Part 5: Act I - Sushi. That's What My Ex-Wife Called Me.
Act I - Sushi. That's What My Ex-Wife Called Me.
After sending all the evidence back to the lab, we're going out on the prowl looking for this girl:
Judging from the chopsticks and the menu we found on her desk, she seemed to have an affinity for a sushi place called Howie Lee's, down in Chinatown...
The blimp in the background advertises off world travel destinations.
The thing about Electric Sheep and Blade Runner was that though they were created only 14 years apart, it was two very different eras. The American 1960s were a time of the Cuban Missile Crisis, the Sputnik, the Kennedy Assassination, and the Cold War. Electric Sheep projected the future from this, so the setting in the book was far more post-apocalyptic in nature; the world had been ravaged by a nuclear war, and the United Nations had moved the majority of the human population to off world colonies. The only people left on Earth were those either too stubborn to move, or those too irradiated to reproduce.
1982 was a different era in the States. The Cold War was winding down, and looking in the future there was a new 'threat' on the horizon - Japan had rapidly recovered from WW2 and had become an economic juggernaut between the 60's and the 80's. There were rising fears of immigration, and the Blade Runner set design capitalized on a lot of this anxiety by taking a step sideways from a typical American city, fusing Asian urban design into it instead. The result was an environment that was always raining, always night, and looked nothing like Los Angeles.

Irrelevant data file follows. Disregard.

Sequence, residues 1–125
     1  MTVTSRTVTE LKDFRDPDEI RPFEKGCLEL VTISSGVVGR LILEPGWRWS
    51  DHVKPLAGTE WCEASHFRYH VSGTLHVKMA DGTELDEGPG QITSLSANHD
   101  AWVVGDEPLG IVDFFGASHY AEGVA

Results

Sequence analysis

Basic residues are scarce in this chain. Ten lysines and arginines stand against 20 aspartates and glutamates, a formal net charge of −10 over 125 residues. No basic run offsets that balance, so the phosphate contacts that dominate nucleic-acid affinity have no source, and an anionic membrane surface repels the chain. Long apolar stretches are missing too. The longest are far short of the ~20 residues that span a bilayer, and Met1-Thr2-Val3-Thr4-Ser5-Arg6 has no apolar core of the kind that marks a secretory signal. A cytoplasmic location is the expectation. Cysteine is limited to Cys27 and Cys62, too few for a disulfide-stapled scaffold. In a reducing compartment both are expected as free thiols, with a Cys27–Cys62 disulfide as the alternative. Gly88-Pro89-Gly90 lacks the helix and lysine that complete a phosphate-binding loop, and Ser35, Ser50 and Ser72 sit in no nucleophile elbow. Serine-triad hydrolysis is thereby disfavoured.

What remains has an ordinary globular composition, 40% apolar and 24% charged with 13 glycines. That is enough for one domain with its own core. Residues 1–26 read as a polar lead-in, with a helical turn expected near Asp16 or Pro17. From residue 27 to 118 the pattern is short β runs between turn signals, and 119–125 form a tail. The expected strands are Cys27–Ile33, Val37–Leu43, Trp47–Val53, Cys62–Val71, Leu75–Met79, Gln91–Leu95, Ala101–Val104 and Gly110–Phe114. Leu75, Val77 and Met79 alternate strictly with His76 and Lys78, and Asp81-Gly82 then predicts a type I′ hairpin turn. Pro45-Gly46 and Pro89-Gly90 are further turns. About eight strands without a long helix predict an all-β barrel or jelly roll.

The traditional standard for a brightly lit American cityscape is probably Times Square:
The North American familiarity with this scene stems from, really, the cars. North America is more car-centric in its urban areas than anywhere else, so you end up having a lot of space and gaps in between buildings. The end result is that when you're standing at ground level Time Square, you look around, and the effect is wow, the buildings are tall.
Contrast this to Tokyo at night:
Where the cars are a lot smaller and narrower, and there's a lot more emphasis on accommodating pedestrian traffic. The crush of people, the close density of the buildings, the billboards that jut out into the street; they all contribute to a vertical claustrophobia that causes you think, wow, I am small.
It's that kind of urban visual overload, more so than the Chinese language billboards I think, that emphasized the foreignness and the unease North American audiences had with the film. The fact that the film was strangely prescient about the rise of Japanese influence over the next two decades certainly didn't hurt its status as a cult film.
This is Howie Lee's - it's also where we first saw Deckard in the movie.
This asshole in the goofy looking coat is uncooperative, but the cook in the back notices us...
... and returns to the kitchen. Hmm.
We've got Lucy's photo now from the ESPER, so we can run around showing it to everyone.
Time to run waltz into the kitchen out back while Howie's not looking.
Like hot dogs and ground beef, you don't want to know where your sushi comes from.
Zuben gets spooked and tries to run for it.
Now, usually we'd get hot soya and offworld lichen spilt all over us, but if you knew this was coming, you can click madly on the right side and dive out of the way.
Diving out the way lets us chase him down faster, so we can see him running down the alley here.
Police chase time!
There's the Replicant fucker.
Wait, wasn't the chef a bigger guy than this?
No, this was just some random guy rifling through the dumpster in the alley.
We just shot and killed a hobo.